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Hurricane Nicole changed Volusia’s beaches. That’s adding to the rip tide risk

 Visiting patrons catch sun rays and waves on Mother's Day at New Smyrna Beach.
Joe Mario Pedersen
Visiting patrons catch sun rays and waves this month at New Smyrna Beach. Lifeguards emphasize swimming in front of lifeguard towers because of dangerous rip currents.

Officials expect more rescued-filled days as tourism show no sign of stopping after the November hurricane changed much of Volusia’s 47-mile beachscape, leading to more rip current conditions.

Volusia County Beach Safety is preparing for a busy summer for rescue attempts.

Over the past two weekends, Volusia lifeguards have made over 500 rescues, according to Beach Safety. The majority of the incidents were due in part to storm conditions off the coast.

However, November’s Hurricane Nicole changed much of Volusia’s 47-mile beachscape. Volusia is now observing higher than normal high tides and more rip current conditions than usual.

"The hurricanes hit us pretty hard, coming through the beaches, it broke little bits (under the water), created sandbars," said Beach Safety Capt. Tamra Malphurs. "After the hurricanes, we saw higher than normal tides just because there was less profile on the beach. That is building back up naturally. So it is a lot better than it was but we are still seeing higher than normal tides when the tide comes in and we have that larger surf, so we may be closed longer during high tide for driving."

Malphurs said the county is expecting more rescued-filled days as Volusia’s tourism -- and rip currents -- show no sign of stopping.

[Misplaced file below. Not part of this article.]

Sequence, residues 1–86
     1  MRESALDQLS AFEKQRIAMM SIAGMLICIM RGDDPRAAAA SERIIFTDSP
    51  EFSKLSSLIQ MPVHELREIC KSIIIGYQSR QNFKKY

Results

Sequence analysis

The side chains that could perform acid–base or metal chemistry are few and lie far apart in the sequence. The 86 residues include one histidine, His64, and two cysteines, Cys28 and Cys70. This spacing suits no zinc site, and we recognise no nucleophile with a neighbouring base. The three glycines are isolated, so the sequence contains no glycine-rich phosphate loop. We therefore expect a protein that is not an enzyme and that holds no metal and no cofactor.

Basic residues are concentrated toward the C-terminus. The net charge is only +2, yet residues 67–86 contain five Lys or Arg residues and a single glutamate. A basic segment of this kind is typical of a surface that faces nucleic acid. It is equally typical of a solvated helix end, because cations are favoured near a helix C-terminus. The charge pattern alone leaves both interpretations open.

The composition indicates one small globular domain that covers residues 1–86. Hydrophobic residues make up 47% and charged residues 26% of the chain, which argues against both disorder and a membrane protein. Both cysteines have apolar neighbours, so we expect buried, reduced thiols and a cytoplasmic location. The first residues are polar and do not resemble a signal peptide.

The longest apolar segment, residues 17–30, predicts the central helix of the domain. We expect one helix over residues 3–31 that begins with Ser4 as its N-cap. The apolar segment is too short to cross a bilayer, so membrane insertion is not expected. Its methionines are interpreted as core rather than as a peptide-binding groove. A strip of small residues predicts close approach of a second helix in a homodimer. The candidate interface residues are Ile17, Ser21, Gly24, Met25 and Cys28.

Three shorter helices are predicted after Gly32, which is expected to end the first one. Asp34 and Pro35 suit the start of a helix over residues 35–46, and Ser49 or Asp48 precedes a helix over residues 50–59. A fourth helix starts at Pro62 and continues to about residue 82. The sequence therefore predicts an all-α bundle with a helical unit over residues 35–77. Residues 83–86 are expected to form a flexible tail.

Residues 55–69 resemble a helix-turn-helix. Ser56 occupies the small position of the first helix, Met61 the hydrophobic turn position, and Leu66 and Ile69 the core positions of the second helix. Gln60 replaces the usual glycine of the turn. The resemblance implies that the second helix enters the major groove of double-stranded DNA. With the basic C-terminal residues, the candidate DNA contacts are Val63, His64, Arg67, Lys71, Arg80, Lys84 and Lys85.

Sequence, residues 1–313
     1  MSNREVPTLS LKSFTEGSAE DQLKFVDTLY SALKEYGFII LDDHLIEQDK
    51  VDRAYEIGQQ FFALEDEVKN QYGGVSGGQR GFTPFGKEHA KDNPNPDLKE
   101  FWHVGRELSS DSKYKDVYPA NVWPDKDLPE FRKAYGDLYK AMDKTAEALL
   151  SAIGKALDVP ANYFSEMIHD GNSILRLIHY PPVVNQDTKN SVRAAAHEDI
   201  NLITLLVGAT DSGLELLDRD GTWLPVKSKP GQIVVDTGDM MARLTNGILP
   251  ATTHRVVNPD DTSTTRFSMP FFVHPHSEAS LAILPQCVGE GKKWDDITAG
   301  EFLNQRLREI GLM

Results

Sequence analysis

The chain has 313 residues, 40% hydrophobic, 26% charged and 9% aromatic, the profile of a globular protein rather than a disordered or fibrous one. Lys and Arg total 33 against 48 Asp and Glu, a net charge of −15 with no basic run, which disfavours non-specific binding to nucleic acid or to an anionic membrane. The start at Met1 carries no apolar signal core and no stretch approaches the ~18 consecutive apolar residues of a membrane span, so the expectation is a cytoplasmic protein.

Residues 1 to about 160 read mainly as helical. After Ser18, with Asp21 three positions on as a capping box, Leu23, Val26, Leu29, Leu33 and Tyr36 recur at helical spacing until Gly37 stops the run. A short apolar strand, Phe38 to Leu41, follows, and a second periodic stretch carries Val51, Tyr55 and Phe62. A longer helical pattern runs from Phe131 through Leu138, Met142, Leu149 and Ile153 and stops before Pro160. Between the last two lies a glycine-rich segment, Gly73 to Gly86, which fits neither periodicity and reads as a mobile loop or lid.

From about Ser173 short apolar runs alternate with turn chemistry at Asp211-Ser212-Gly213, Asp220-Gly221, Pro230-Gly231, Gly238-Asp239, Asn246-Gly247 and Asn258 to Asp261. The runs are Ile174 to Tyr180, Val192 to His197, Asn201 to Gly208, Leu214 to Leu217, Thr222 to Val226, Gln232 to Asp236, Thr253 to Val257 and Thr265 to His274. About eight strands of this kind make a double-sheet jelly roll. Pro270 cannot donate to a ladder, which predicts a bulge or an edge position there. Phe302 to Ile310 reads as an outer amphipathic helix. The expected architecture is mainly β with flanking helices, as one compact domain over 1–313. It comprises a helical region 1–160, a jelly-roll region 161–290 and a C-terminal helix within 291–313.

“Make sure you're swimming in front of those staff lifeguard towers, she said. "Don't come to the beach after hours, everyone has gone home for the day and get in the water. If there's not a lifeguard don't enter the water. That is so important.”

Malphurs said two teenagers swam away without lifeguard towers present on Memorial Day and were caught in a rip current. Both were rescued, but one remains in critical condition.

Additionally, Malphurs wants to remind visitors of the dangers of being swept up by rip currents.

“Even the strongest of swimmers get caught and recurrent,” she said.

So far, four people have died on Florida beaches due to rip currents, according to the National Weather Service. All four took place in February. Two were men younger than 21 years old.

To stay on top of beach conditions, Volusia released a mobile App available to the public.

Malphurs also said the national lifeguard shortage exacerbates the issue. The American Red Cross acknowledged that a shortage has gone on for the last couple of years and is looking for new hires. Malphurs said that the shortage is still being felt. Volusia Beach Rescue has 200 guards but only 30% work regularly.

"We're not sure exactly what if it's this generation or if it's the workload thing, you know? It's very labor intensive," she said. "But it's awesome. And if you're like me, I love being outdoors all the time, you get to sit outside all day on the beach!"

The county is asking more people to join the lifeguard team and created a number of new incentives, including $500 bonuses for those who work weekends and holidays.